Hud Bannon is a ruthless young man who tarnishes everything and everyone he touches. Hud represents the perfect embodiment of alienated youth, out for kicks with no regard for the ... See full summary »
When his cattle drivers abandon him for the gold fields, rancher Wil Andersen is forced to take on a collection of young boys as his drivers in order to get his herd to market in time to ... See full summary »
Jim Douglas has been relentlessly pursuing the four outlaws who murdered his wife, but finds them in jail about to be hanged. While he waits to witness their execution, they escape; and the... See full summary »
An authoritarian rancher, Barbara Stanwyck, who rules an Arizona county with her private posse of hired guns. When a new marshall arrives to set things straight, the cattle queen finds ... See full summary »
Three outlaws on the run discover a dying woman and her baby. They swear to bring the infant to safety across the desert, even at the risk of their own lives. Written by
Jim Beaver <firstname.lastname@example.org>
John Ford had a greensman water a cactus overnight to allow it to be squeezed for water. See more »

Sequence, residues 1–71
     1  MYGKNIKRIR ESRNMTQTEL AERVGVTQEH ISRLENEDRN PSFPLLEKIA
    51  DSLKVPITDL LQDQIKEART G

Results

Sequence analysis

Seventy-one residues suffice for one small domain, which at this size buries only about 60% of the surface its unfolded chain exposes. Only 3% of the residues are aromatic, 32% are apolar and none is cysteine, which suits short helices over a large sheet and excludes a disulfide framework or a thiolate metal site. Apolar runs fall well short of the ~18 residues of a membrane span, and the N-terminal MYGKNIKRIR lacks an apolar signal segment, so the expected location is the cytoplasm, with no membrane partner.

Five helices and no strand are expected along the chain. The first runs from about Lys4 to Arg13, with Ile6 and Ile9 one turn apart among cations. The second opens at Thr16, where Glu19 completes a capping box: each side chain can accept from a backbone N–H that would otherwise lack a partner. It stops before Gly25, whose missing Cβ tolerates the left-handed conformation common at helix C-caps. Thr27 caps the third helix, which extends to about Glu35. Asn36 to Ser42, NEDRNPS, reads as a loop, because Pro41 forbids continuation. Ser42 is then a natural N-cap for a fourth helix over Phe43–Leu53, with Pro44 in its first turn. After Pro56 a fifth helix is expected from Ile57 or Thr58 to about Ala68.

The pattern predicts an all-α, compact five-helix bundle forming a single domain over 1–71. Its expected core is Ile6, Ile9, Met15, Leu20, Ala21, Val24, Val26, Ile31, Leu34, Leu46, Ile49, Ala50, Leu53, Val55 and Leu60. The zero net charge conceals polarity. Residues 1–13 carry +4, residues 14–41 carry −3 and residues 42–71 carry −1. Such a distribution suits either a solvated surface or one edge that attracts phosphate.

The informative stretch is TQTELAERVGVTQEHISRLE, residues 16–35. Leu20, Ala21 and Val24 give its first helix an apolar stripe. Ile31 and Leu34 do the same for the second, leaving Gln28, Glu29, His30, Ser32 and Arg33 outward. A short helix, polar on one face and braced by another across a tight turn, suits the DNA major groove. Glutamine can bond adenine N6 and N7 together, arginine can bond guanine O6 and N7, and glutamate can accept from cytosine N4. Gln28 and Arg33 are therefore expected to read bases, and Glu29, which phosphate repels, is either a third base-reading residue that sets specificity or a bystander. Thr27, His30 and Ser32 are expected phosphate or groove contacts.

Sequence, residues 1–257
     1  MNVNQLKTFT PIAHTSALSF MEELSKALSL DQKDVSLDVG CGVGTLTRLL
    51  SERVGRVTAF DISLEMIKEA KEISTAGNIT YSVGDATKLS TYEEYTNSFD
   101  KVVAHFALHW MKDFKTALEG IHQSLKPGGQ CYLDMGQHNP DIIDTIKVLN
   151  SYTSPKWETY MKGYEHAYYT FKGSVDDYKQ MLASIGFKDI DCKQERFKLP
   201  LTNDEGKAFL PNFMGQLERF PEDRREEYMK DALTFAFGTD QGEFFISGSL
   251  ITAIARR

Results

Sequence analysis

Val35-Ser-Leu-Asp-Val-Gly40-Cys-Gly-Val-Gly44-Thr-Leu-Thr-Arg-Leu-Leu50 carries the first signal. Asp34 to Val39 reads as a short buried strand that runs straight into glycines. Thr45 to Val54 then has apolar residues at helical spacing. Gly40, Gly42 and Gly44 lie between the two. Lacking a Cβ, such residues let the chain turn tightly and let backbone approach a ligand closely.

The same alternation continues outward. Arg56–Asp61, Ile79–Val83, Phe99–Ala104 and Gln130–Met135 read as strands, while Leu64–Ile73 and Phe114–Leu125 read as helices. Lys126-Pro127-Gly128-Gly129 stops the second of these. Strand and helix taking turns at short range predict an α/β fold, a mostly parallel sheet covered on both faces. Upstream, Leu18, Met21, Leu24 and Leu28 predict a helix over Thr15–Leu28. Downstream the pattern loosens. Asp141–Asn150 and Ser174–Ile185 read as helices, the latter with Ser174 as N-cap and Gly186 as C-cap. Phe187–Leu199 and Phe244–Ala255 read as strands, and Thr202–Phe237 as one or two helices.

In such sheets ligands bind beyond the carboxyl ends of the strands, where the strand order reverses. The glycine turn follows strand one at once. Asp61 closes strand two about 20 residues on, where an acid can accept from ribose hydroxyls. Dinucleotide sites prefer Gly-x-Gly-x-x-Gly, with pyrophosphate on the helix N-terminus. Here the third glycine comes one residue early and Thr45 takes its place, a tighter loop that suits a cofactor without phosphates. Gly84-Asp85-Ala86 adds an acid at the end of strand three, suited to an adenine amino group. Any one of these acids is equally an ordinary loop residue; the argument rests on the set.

Shortly after the three riders enter the desert Hightower discovers that Pedro's water bag is empty and throws it away. As they ride away in a long shot, the water bag is still visible on Pedro's horse. See more »
[as Buck and the deputies are chasing the three outlaws, Buck shoots the outlaws' water bag. He then stops chasing them]
Gosh, Marshal, you missed 'em.
Perley 'Buck' Sweet:
They ain't payin' me to kill folks. Them Texas boys are gonna be mighty thirsty before they get to water.
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I'm surprised this one doesn't get more accolades. To me it's really one of the best westerns ever made. This is one of those films that proves that the western genre can produce true art. The filming, the performances -- this is one of Wayne's best it's quite overlooked that this guy could act: The desperation, the confusion, the exhaustion, it's all just amazing.
It's more of a character study than anything else, with the characters facing desperate thirst, an aching empty land, relentless sun, and the movie shows how these men deal with it, all the while they are attempting to care for a child. Something they are ill equipped to do.
There are clear religious elements to the movie, and they make this all the more compelling -- these are not good men, but they have a sense of honor and faith, in their own way. They can't break their word to a dying woman, to care for her child. Their faith in each other is touching.
It's gritty, yet very tender, a strange juxtaposition, like the beauty and cruelty of the desert.
See the movie if you can.
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